Traditional tribal culture has virtually no concept of keeping track of time over the long term or the short term by a number system. For instance, in the tribal language you have today, yesterday and the day before yesterday. Or tomorrow and the day after tomorrow. They do refer to the current month by the moon, but they don’t count too far down the line. There isn’t the concept of a 7-day week or a year with 365 days. A “year” is simply gauge by the annual growing seasons of two types of food, pandanis fruit and pitpit (not sure what that is in English).  Time in the future is referred to simple as another night or time later. In the past it’s simply referred to as a long time before or when the men that lived a long time ago were here.

It was strange coming from a culture of time that is bent of every second of the day, to a culture that doesn’t event know how old they are as individuals. I asked an adult male about 30 years of age once how old he was, he responded, “I think I’m 8 years old.” There are several ways to find out the approximate age of people based on what physical characteristics they had in 1975, the year Papua New Guinea received independence. Somehow and some way people knew where they were at that time. Therefore, I would ask the following questions to try and gauge peoples’ ages: At the time of independence were you nursing (a baby)? We you able to go up and down the ladder of the house yet (toddler)? Did you have hair in your armpits (young teen)? Did you have facial hair (young adult)? Were you married yet(adult)? Time just isn’t important in tribal culture, there is always tomorrow, the next day and the day after that.

Naming a child in our culture is generally the responsibility of parents. Often times a new born is named after a relative, favorite sports figure or even something totally obscure. In tribal culture there is a naming practice that is given in honor to the man who paid the most money for the child’s mother – yes, the dowry payment that a man pays to the woman’s family. When a man wants to marry a woman, he must negotiate a bride price with the woman’s family. This negotiation process is long and drawn out; seldom does it go smoothly. The price negotiated may include traditional shell money, pigs or modern government currency. At times a portion of the bride price may include a debt to be paid later. When a debt is incurred, the man will typically live in the woman’s village until it is paid off. The groom will seek help to pay the bride price by asking his family and relatives to pitch in and help.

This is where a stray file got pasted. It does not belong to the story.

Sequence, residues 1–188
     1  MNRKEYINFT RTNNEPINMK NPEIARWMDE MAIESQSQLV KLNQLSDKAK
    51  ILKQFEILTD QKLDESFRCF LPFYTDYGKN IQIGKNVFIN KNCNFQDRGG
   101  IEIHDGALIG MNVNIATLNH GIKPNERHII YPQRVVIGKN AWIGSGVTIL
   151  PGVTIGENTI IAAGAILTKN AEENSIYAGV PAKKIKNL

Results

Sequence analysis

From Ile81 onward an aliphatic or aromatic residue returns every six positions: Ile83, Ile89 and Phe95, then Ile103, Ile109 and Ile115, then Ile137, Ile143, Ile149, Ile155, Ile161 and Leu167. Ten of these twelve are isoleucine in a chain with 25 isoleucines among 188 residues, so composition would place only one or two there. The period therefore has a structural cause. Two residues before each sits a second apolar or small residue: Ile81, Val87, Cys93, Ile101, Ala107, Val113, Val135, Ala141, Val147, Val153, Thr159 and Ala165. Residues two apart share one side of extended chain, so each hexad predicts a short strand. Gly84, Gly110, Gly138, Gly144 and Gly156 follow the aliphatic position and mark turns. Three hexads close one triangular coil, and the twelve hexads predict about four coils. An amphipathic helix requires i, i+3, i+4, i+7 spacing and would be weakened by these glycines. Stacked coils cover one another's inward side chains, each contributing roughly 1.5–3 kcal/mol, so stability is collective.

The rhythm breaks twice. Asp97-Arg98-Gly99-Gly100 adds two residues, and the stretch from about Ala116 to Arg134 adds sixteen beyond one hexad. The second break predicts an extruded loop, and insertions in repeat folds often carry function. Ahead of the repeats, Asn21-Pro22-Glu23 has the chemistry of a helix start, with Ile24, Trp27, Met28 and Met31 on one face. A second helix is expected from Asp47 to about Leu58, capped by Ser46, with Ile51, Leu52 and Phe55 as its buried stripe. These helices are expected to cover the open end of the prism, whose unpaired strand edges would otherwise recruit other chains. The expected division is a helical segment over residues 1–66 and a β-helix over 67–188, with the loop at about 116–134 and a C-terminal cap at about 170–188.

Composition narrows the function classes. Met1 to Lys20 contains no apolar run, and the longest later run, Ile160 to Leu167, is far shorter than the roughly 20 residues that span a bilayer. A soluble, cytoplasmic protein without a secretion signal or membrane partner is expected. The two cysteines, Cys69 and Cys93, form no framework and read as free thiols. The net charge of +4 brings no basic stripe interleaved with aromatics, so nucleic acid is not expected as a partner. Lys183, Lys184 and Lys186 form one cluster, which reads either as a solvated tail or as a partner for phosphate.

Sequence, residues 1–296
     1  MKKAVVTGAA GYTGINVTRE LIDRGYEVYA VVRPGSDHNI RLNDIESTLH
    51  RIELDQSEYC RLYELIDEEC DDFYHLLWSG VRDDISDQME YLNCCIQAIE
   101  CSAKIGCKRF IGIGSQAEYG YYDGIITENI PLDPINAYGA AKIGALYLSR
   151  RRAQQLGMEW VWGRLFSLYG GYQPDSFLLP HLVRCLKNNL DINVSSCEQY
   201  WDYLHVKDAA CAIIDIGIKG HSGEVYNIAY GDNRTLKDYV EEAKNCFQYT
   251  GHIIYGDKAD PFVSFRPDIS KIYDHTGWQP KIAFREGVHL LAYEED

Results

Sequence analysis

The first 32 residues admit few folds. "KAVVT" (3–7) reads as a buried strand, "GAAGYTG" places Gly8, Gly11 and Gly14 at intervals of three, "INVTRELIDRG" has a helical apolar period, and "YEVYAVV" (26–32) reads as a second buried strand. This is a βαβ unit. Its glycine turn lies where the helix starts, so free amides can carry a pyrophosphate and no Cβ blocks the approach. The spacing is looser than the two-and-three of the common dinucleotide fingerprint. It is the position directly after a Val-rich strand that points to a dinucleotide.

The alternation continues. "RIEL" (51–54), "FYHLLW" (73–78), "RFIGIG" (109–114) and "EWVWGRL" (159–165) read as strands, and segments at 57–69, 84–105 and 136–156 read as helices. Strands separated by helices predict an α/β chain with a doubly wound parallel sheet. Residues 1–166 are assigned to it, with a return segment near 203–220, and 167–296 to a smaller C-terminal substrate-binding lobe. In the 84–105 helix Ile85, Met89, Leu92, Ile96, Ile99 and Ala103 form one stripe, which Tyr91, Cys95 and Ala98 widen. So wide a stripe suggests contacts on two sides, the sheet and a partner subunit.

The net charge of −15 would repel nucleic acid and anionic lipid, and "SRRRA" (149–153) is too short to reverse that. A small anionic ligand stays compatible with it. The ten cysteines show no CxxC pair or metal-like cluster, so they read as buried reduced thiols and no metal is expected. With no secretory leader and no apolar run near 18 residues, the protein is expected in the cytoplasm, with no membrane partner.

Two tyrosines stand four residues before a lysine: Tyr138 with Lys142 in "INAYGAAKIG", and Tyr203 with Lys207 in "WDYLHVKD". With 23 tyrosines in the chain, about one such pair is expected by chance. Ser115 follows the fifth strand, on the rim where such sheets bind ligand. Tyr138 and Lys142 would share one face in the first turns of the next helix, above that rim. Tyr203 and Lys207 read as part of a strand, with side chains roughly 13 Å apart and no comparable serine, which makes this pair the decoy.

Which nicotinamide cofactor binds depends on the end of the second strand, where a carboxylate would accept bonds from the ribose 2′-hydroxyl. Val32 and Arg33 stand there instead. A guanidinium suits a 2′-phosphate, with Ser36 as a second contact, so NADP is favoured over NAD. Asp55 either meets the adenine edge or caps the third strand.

I was given the honor of naming my cousin’s first-born son. It was important to learn the culture around such an honor and here is what I found out: First of all, I would never be able to speak the name I chose before the child his entire life. If the boy was not present, I could use his name, but never was I to speak his name if he was in hearing distance. I was to address the boy as Papou (pah-pouw) his entire life. I don’t have an exact translation for that term; it simply shows that I am the one that named him. Secondly, I was not to touch the boy in any way until he was old enough to climb up and down the later of his house; the equivalent of him being weaned off his mother as a toddler. When the boy reached this age, there would be a simple ceremony where the boy and I would exchange a gift of equal value, shake hands and then from that point on we could touch each other (i.e. carry him, shake hands, sit on my lap or that type of a thing). Thirdly, my Papou and I would always have a close relationship because I gave him his name. So, whenever I would see him, I would be sure call to him and address him as Papou.